UNITED NATIONS — U.S. Ambassador Nikki Haley accused Russia on Monday of protecting Syrian President Bashar Assad from responsibility for what she said were multiple chlorine gas attacks on civilians in recent weeks.
Haley told the U.N. Security Council that Russia has delayed adoption of a council statement condemning the use of chemical weapons, including a reported chlorine gas attack Thursday in the opposition-held Damascus suburb of eastern Ghouta that injured over 20 civilians including children.
Russian Ambassador Vassily Nebenzia retorted, “It’s completely clear to us the goal is to basically accuse the Syrian government of chemical weapons use where no perpetrators have been identified.”
Russia proposed a rival press statement eliminating references to Thursday’s attack and to “the unacceptable level of violence in Syria, particularly in eastern Ghouta.” He proposed adding language about a new investigative body to determine responsibility for chemical attacks that is unacceptable to the U.S. and its allies.
The U.S. and Russia have been lashing out at each other for months over the issue of accountability for chemical attacks in Syria, which is a close ally of Moscow.
A joint investigation team comprising experts from the U.N. and the Organization for the Prohibition of Chemical Weapons concluded that the Syrian government used chlorine gas in at least two attacks in 2014 and 2015 and used the nerve agent sarin in an aerial attack on Khan Sheikhoun last April 4 that killed about 100 people and affected about 200 others.
The team also accused the Islamic State extremist group of using mustard gas in 2015 and again in September 2016 in Um Hosh in Aleppo.
For the last few years, the United States could neatly sum its objective in Syria in a single, uncontroversial bullet point: fighting the Islamic State group. Now that the extremists have been squeezed from all but the last bits of their former territory, the Trump administration is struggling to define the boundaries of its mission, and how and when America’s lengthy engagement will end.
Russia accepted the accusation against the IS militants but rejected the experts’ findings on the Syria government as unproven and demanded major changes in the way the expert team from the Joint Investigative Mechanism, or JIM, operates.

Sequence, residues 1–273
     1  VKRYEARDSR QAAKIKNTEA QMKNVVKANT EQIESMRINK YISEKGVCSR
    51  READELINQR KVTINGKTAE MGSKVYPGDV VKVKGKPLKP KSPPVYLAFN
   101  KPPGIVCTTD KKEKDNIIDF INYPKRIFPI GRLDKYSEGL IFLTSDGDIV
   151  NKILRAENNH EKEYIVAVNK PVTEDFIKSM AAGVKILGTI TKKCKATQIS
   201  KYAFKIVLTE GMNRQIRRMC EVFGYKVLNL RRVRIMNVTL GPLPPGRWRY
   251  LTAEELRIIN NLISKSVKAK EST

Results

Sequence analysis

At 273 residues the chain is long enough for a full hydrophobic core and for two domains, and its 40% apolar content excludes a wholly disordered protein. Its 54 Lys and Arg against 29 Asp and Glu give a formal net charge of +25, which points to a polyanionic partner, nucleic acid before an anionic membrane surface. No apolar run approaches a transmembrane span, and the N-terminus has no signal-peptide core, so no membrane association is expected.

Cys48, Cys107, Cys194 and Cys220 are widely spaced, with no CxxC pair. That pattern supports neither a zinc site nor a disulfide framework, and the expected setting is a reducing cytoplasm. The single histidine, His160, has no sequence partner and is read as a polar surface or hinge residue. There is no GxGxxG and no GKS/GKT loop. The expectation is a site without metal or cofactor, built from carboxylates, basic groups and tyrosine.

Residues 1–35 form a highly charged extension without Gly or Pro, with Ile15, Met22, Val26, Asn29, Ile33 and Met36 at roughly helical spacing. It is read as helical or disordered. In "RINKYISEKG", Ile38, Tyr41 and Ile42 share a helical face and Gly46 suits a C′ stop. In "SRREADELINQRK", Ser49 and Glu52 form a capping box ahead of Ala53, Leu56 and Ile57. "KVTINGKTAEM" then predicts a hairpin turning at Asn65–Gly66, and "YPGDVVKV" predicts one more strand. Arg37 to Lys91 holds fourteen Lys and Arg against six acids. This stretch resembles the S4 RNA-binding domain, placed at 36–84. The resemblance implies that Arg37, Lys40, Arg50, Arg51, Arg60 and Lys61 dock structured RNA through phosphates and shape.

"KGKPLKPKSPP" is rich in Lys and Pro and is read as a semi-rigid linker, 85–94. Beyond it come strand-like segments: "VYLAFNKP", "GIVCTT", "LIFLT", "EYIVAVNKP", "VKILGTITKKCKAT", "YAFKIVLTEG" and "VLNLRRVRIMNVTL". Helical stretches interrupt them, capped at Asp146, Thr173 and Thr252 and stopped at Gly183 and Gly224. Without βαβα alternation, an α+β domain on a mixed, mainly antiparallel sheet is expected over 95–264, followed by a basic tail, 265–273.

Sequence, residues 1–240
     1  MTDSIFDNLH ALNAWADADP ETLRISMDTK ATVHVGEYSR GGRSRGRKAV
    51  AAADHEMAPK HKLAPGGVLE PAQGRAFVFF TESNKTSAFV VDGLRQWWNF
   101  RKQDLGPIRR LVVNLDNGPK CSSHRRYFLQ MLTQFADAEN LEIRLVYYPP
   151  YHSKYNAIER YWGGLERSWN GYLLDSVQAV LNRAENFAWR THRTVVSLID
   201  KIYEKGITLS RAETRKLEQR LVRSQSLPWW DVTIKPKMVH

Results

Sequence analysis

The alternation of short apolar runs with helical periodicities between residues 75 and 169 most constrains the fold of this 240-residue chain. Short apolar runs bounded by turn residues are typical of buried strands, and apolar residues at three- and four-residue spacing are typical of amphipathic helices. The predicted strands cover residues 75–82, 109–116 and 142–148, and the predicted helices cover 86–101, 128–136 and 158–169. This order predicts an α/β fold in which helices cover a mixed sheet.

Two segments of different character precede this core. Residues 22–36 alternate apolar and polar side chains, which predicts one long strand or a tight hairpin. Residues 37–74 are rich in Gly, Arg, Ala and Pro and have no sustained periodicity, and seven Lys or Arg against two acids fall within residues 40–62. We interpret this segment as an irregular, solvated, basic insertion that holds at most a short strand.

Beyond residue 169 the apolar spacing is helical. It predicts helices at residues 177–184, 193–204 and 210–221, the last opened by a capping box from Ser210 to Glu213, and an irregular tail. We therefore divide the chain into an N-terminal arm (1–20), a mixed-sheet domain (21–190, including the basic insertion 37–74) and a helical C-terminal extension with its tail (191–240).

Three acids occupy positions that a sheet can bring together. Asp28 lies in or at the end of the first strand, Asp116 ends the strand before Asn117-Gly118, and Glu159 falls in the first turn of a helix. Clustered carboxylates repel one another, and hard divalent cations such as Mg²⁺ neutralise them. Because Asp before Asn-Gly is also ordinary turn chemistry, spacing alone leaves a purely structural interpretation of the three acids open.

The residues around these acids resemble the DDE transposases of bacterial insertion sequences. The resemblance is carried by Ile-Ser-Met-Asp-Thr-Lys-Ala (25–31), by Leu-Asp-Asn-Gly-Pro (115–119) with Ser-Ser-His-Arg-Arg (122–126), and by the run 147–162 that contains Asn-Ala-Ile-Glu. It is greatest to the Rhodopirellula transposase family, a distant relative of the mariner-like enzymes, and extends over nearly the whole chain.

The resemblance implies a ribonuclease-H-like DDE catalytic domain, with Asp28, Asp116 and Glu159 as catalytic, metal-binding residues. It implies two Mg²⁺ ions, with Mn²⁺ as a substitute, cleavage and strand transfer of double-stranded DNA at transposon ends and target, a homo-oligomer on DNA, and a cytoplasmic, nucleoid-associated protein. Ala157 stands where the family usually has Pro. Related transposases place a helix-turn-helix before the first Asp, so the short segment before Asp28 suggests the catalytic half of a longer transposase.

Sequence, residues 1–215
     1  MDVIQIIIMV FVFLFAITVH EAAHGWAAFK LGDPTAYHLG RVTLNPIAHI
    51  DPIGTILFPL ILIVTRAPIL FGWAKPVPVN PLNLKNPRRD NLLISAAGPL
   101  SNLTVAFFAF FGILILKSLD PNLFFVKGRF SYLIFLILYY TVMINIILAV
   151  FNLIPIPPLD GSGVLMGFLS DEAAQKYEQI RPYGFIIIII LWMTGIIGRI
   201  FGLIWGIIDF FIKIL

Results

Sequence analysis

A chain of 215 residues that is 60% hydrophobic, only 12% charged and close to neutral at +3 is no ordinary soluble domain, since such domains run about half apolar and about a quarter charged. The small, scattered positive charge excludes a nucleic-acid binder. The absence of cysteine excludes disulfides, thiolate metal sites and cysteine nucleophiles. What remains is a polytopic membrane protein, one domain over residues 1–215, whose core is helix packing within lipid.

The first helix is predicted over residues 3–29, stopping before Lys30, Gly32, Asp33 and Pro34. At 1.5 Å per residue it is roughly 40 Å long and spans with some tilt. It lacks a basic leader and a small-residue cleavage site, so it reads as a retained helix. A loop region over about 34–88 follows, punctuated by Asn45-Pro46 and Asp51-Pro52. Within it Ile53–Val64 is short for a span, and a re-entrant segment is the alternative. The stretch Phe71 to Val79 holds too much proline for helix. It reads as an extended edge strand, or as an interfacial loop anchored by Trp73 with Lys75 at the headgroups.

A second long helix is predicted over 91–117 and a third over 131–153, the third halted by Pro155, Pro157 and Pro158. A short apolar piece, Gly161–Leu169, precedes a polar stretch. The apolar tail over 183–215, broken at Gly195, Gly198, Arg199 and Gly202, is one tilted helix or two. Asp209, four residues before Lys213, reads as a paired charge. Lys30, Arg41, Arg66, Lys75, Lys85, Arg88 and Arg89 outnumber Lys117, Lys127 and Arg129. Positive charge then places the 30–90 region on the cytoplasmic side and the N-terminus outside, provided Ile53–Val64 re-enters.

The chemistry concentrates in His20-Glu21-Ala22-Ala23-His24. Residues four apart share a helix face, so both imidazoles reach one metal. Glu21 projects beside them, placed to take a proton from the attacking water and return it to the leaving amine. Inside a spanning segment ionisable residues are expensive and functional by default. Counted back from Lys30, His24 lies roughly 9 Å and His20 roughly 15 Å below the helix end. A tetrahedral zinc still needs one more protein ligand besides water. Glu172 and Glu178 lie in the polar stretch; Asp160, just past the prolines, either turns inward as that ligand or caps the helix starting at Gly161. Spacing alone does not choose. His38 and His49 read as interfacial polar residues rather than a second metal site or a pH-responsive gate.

The U.S. and about 10 other council members insisted that the JIM must remain independent, but Russia used its veto to prevent its mandate from being renewed.
The result is that there is currently no way to determine responsibility for chemical attacks in Syria.
Haley said the Assad regime must immediately stop using chemical weapons.
“Our goal must be to end the use of these evil, unjustifiable weapons,” she said. “We cannot hope to end the use of chemical weapons if those who use them escape the consequences of their action.”
Haley stressed that like the JIM, a new mechanism must be independent, impartial and be “controlled by experts, not politicians or diplomats.”
She again rejected Moscow’s proposed resolution to replace the JIM, saying it ignores the JIM’s findings — “an investigation that Russia supported until the investigators found the Assad regime to be responsible.”
Russia also wants “to cherry pick investigators” and give the Security Council power to review the findings and decide what goes into the final report, Haley said.
U.N. disarmament chief Izumi Nakamitsu told the council that the OPCW is continuing to follow up on the remaining “gaps, inconsistencies and discrepancies” in Syria’s declaration to the chemical weapons watchdog about its chemical weapons program.
She said OPCW experts are also looking into allegations of chemical weapons use in opposition areas and in government areas, and reports are due soon.
If the OPCW fact-finding missions conclude that chemical weapons have been used, “our obligation to enact a meaningful response will be further intensified,” Nakamitsu said.
“It is my hope, and the hope of the secretary-general that such a response will favor unity — not impunity,” she said.